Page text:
From the arsenal of acronyms, here's one to interest those living along the Kenilworth Corridor: DMU, or Diesel Multiple Unit.
The DMU is one of the mass transit options Hennepin County is considering for the Southwest Corridor, a commuter rail line linking Eden Prairie and other western suburbs with downtown Minneapolis. DMUs can run on light-rail tracks; while LRT is powered by an overhead electric line, DMUs are self-propelled with diesel.
The Kenilworth track between Cedar Lake and Lake of the Isles is one potential link in the Southwest Corridor.
DMUs are used in Europe and Canada, said Rick Nau, vice president of URS, a consultant working with the county on the Southwest Corridor Rail Transit Study. The Dallas-Fort Worth transit system uses 1930s-vintage DMUs, but no one currently is making new DMUs that comply with federal safety standards. The Colorado Rail Car Co. is in the process of building a car and working through Federal Railway Authority approval.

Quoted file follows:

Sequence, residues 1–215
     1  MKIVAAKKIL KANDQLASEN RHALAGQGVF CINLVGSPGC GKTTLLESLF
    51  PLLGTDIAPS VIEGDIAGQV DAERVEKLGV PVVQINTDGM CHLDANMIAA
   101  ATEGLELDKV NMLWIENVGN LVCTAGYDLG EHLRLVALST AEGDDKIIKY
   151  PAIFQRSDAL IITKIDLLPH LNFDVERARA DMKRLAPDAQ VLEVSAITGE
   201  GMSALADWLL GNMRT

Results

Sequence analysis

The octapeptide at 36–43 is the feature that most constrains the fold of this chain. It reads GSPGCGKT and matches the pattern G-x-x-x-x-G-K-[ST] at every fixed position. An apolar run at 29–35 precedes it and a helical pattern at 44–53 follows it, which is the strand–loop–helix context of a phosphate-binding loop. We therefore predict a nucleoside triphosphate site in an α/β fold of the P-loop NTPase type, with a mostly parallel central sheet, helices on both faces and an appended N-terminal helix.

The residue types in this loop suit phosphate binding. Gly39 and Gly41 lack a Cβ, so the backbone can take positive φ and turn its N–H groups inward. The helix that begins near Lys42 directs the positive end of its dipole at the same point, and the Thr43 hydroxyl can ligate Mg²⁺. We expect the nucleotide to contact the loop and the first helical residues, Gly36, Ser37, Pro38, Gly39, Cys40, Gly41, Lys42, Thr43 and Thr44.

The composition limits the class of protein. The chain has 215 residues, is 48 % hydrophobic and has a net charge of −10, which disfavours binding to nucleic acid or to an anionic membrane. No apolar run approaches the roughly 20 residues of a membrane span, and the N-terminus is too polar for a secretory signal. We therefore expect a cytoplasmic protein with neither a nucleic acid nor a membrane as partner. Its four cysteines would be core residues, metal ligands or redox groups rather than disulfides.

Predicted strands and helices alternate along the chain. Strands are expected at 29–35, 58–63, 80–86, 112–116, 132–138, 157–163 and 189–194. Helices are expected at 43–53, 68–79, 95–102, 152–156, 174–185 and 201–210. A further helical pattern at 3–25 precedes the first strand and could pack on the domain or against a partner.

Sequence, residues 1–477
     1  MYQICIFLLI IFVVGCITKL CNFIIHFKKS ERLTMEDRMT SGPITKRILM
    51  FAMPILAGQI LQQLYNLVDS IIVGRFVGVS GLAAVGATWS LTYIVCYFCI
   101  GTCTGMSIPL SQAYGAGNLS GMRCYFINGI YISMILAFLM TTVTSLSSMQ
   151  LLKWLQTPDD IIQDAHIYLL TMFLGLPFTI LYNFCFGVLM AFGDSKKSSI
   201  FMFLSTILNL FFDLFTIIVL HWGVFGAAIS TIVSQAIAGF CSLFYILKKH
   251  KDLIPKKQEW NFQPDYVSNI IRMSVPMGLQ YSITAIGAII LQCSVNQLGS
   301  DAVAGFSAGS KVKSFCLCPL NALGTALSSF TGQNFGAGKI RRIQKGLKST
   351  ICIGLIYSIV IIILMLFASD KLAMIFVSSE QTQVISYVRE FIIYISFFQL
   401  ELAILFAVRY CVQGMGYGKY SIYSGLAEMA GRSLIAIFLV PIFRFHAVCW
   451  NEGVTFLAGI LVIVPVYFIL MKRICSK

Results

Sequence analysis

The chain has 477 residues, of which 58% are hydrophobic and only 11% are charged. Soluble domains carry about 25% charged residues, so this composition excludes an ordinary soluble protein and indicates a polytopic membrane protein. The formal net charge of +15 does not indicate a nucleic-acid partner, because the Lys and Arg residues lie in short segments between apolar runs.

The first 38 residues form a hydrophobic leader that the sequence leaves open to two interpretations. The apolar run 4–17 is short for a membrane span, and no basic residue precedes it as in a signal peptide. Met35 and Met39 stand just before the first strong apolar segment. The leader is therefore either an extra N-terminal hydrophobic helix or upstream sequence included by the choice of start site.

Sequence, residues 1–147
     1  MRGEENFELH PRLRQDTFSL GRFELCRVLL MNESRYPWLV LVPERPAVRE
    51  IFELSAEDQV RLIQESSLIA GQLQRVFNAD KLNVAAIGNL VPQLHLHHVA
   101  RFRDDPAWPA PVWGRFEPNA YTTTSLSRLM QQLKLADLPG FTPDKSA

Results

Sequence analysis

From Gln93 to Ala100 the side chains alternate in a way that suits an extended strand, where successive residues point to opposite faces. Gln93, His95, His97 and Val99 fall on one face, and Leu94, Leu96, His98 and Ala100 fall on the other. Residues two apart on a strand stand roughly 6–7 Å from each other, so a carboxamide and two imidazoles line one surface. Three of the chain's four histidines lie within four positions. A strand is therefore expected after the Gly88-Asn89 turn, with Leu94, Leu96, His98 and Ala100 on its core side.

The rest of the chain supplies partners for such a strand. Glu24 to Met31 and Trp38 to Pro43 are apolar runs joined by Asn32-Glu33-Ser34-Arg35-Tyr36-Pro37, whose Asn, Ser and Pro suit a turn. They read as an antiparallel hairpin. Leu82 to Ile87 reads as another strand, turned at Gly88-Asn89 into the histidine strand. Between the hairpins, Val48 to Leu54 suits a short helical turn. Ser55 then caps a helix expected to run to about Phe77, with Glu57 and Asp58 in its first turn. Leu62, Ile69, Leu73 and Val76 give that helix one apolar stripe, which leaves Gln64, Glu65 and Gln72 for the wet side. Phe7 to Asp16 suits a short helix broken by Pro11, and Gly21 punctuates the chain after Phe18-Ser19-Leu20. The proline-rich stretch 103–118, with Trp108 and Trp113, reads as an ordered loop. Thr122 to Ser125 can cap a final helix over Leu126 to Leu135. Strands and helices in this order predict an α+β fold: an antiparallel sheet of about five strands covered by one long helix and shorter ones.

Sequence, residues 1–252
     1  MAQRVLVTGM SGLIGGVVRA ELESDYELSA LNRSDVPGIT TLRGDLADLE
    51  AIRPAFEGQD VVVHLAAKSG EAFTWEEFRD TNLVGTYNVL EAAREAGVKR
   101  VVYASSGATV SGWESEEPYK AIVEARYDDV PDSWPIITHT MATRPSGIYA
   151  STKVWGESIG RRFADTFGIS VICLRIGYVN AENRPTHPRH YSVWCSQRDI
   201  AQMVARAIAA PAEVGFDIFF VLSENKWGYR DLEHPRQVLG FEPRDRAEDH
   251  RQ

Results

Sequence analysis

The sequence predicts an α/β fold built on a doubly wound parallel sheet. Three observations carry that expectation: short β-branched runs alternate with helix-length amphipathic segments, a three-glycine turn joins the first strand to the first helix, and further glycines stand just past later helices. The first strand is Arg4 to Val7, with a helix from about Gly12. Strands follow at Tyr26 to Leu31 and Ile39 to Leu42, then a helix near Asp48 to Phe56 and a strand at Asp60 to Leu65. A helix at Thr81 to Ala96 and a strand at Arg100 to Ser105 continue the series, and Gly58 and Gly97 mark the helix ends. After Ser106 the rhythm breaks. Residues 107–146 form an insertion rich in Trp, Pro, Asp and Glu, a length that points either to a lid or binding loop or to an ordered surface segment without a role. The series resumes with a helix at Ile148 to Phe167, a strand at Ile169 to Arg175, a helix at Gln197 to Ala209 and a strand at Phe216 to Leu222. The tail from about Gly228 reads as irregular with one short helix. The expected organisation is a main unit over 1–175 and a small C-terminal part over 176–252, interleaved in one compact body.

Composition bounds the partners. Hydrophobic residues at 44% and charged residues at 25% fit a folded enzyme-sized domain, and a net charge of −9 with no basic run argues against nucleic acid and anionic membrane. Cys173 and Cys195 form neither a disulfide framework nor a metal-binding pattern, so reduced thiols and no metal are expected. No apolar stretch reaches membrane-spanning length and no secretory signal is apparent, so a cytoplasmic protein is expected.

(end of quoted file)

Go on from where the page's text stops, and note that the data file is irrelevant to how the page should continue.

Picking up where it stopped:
The Colorado Rail Car would have a maximum speed of 90 mph, according to URS material distributed at a May 7 community meeting at the Walker Library.
URS does not have information on how noisy DMUs are. They would be louder than LRT, Nau said. LRT's only noise is made by the wheels on the rail. The DMU would add the noise of a diesel motor. URS has asked the manufacturer for more noise information.
URS is working on ridership forecasts, capital and operating costs and other Southwest Corridor issues. Its report is expected in January.
County Commissioner Peter McLaughlin said the DMUs might be a more economical alternative. One drawback is they don't accelerate as quickly.
"You can't run a DMU downtown," he said. "In downtown you want your stops a few blocks apart. They are not built to start and stop frequently."
McLaughlin said he wanted to look at the options, but thought that light rail would be the ideal for the Southwest Corridor.
"It would be a continuous line with Hiawatha. You wouldn't have to change lines at all. You could go from Eden Prairie and Hopkins to the University of Minnesota."